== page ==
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Author Topic: Military Draft Coming back?  (Read 15877 times)

jgruber

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Re: Military Draft Coming back?
« Reply #80 on: April 26, 2004, 03:32:48 PM »
Good points.  I sense -- and no offense meant Phillip -- but a little miopia setting in, similar to that at the White House.  Numbers that disagree with ours must be wrong.



As to this being a bad time to be an American...  yes and no.  We still live in a country that is extremely safe compared to others and we still have an remarkable degree of freedom to travel inside and outside our country.

The no part....  as much as I love to travel abroad and see new things and meet new people, I will not be taking any more trips out of the country any time soon.  There are just too many people who -- rightly or wrongly; that's another debate -- want to kill Americans.   I'm staying home for a long time.  I don't even want to visit the big cities anymore, like NYC, Chicago, etc.  I suspect I'm safest in rural Tennessee when it comes to 'fighting terrorism'.


Jeffjoe: Phillip had stated: "Again, compared to World War II and other major wars of past generations, civilian casualties are virtually non-existent in Iraq.  "Surgical strikes" with smart bombs have minimized civilian deaths (notwithstanding unsubstantiated claims made by anti-war groups like Amnesty International)."

  His suggestion was that anti-war groups cannot be trusted to accurately report civilian casualties precisely because they are anti-war. Not only did I find this funny because I had supposed that everyone was anti-war at least in theory, but groups like Amnesty international and Human Rights Watch, etc, are known to have some of the most accurate reporting on such figures. If you really want to be suspect of anyone you would want to question the group that had the greatest interest in the war, which is obviously the U.S., not groups like the above. These groups know they won't be able to stop the war (just as they have never stopped any other war) and they know there will be more wars. They are primarily there to document what takes place on both sides. Thus, they would most likely be the most accurate source of such casualties. 

   As for smart bombs, they're only as good as the information they are fed. Here is a little piece from Slate.com on the subject:

                   "Smart Bombs, Dumb Targets
Did overconfidence in precision targeting cause civilian deaths in Iraq? A new report by Human Rights Watch reveals, for the first time, just how persistently they tried to kill individual Iraqi leaders in this manner—and how consistently they failed.

Over the course of the war, U.S. air forces mounted 50 so-called "decapitation strikes." The bombs accidentally killed several dozen civilians who happened to be near the explosions, but they killed none of the Iraqi leaders they were intended to strike.he problem was not with the bombs. The bombs were as accurate as advertised; they hit precisely where they were aimed. The problem was with the pre-strike intelligence; the Iraqi leaders—the bombs' targets—turned out to be someplace else."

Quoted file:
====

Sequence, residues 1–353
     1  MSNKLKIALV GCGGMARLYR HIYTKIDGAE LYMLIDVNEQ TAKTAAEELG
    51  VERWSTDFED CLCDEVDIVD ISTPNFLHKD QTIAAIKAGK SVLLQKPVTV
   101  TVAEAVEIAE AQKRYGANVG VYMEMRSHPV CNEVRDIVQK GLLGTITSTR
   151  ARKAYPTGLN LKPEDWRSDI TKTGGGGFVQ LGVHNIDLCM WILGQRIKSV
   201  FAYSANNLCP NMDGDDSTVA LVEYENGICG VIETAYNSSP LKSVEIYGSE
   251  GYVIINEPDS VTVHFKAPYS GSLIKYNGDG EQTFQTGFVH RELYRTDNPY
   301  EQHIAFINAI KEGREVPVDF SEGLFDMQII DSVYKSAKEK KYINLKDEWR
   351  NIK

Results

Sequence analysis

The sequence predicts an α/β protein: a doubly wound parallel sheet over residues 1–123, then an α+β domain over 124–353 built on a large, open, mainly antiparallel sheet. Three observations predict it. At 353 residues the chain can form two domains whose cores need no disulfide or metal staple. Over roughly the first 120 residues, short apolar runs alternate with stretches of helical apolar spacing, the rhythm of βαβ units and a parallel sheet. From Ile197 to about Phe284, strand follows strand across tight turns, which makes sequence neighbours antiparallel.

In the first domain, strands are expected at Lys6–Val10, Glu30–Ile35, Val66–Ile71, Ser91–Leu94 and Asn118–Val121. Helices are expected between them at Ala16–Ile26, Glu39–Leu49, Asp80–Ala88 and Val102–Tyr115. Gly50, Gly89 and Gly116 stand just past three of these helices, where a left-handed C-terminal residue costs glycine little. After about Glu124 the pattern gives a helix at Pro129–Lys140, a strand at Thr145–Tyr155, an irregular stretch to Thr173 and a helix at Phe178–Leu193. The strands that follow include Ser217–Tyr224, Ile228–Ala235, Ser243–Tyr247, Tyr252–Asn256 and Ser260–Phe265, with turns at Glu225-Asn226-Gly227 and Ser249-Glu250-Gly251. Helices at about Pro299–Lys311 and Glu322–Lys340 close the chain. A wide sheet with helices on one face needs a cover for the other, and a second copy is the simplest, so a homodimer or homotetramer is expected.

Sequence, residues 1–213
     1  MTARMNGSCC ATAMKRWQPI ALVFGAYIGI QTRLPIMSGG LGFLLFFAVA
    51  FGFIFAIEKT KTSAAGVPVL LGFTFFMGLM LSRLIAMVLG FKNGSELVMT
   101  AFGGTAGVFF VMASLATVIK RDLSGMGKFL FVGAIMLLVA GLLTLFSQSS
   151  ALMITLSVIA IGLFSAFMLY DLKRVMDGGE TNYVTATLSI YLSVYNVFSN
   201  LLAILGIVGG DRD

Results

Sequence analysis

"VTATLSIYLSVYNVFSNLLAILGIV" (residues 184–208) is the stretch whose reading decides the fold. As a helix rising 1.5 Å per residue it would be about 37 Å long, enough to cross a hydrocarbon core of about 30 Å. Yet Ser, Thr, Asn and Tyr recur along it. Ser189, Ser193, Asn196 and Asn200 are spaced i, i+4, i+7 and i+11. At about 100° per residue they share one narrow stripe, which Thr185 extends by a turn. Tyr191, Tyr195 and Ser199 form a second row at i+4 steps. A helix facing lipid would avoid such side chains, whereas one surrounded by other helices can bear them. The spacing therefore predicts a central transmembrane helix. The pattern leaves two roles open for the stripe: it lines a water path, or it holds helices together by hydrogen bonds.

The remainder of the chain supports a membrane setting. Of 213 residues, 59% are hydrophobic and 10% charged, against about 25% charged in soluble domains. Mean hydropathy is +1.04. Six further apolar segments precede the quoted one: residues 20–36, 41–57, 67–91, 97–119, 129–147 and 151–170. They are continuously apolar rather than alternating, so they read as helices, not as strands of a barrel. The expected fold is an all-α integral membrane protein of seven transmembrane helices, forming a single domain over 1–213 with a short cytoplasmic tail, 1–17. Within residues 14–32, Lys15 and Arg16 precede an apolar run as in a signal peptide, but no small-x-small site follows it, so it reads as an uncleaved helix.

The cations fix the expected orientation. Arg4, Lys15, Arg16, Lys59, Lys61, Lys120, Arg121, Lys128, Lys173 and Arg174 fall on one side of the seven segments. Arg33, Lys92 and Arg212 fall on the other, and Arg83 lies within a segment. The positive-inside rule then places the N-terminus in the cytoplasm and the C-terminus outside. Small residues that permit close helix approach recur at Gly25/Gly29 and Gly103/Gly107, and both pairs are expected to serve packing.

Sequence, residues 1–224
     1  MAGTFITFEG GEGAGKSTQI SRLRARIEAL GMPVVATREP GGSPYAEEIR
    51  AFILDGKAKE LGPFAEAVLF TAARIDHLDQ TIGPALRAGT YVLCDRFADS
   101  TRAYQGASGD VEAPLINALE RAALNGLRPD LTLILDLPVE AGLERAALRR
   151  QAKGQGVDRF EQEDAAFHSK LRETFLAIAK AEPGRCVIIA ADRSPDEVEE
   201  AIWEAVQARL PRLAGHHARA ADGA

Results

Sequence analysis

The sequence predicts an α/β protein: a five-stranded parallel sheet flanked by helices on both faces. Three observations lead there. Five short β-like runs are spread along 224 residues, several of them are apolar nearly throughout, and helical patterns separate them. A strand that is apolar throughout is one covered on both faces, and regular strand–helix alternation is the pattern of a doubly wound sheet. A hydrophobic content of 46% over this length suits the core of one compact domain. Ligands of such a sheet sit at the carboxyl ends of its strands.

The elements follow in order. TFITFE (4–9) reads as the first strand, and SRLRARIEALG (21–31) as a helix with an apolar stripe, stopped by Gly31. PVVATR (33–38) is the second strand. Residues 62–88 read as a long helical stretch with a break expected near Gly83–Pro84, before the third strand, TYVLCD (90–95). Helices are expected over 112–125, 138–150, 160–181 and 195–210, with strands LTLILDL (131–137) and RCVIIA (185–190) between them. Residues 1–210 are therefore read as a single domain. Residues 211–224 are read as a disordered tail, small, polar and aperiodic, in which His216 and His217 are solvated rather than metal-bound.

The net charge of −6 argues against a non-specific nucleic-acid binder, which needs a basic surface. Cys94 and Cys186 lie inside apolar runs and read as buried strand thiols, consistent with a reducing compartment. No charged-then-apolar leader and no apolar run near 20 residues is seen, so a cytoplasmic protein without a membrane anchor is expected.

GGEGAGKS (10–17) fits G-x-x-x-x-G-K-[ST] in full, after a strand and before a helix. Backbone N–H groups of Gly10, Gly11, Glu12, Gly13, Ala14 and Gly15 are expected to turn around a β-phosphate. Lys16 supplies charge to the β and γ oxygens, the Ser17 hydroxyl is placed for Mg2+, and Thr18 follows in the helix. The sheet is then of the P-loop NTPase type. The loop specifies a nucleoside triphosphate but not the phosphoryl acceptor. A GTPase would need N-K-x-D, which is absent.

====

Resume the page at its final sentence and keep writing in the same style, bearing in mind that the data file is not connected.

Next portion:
Not the best time to be an American.


Findedeux

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Re: Military Draft Coming back?
« Reply #81 on: April 26, 2004, 04:10:59 PM »
"Unfortunately" I am goint to Europe for a vacation in a week. I probably won't have to worry about the plane trip, but we're hitting many of the big cities in Europe. At least I won't have to worry about Spain seeing as how they ran away from Iraq with their tail between their legs around the same time that the terrorists told them to get out.

jgruber

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Re: Military Draft Coming back?
« Reply #82 on: April 26, 2004, 04:13:34 PM »
"Unfortunately" I am goint to Europe for a vacation in a week. I probably won't have to worry about the plane trip, but we're hitting many of the big cities in Europe. At least I won't have to worry about Spain seeing as how they ran away from Iraq with their tail between their legs around the same time that the terrorists told them to get out.

I have a friend in France who wrote me not too long ago.  He said that people in France have no animosity toward Americans, but the current administration. 

I expect that you will be welcome by everyone who doesn't have a bomb.

Are you sure of your facts about Spain?  I read that the prime minister made a promise to leave long before the election and the attack in Madrid.

Findedeux

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Re: Military Draft Coming back?
« Reply #83 on: April 26, 2004, 07:42:38 PM »
If you look, you'll notice that I didn't actually say Spain left because of the terrorist threats. I also heard that he (the prez) had made a promise to the citizens of Spain that he would pull out of Iraq if he was elected. Still, they did hear about the threats, and they still pulled out. To me, whether or not that was the actual reason for their pulling out, that is cowardly. I also have doubts as to whether Spain will actually be any better off by pulling out. Negotiating with terrorists is a bad precendent to set.